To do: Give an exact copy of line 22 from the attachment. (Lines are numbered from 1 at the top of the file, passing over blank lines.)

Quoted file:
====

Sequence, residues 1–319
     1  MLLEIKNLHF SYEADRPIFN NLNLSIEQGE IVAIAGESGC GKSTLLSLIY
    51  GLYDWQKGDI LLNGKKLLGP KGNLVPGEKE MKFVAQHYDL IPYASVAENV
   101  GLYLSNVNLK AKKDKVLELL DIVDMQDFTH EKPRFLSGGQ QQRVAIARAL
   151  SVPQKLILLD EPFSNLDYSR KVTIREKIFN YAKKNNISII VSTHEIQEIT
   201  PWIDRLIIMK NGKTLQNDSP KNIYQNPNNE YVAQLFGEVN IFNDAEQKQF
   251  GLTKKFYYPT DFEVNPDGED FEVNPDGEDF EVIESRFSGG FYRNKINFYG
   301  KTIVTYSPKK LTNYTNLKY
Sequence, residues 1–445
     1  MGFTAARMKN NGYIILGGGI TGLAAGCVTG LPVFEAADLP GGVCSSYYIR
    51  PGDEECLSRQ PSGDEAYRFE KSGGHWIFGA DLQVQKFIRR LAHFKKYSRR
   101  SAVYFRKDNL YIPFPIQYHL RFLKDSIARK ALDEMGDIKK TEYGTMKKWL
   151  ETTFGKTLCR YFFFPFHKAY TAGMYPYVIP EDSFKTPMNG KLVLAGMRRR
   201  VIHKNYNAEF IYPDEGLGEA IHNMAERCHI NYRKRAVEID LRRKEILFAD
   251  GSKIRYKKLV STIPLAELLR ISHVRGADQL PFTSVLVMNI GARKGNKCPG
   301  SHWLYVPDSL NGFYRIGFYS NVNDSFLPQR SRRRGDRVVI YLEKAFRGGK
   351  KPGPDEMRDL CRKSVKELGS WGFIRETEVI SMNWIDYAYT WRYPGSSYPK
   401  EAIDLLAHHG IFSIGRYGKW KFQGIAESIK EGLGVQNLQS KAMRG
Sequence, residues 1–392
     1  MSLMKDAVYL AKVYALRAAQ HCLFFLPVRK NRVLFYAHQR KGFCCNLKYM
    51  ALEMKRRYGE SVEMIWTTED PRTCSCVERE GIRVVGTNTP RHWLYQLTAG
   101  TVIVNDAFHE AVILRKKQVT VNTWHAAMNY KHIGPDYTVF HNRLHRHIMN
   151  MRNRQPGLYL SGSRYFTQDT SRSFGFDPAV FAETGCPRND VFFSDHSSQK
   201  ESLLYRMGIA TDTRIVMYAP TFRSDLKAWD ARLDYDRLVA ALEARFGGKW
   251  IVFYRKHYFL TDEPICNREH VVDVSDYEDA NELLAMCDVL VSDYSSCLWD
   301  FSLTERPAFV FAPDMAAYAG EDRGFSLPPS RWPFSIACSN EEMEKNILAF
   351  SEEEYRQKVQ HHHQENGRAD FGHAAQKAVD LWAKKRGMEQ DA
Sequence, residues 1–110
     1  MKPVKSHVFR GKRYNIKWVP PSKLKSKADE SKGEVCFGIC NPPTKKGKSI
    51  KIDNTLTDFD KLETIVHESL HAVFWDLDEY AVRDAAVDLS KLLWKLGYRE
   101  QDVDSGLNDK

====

   101  TVIVNDAFHE AVILRKKQVT VNTWHAAMNY KHIGPDYTVF HNRLHRHIMN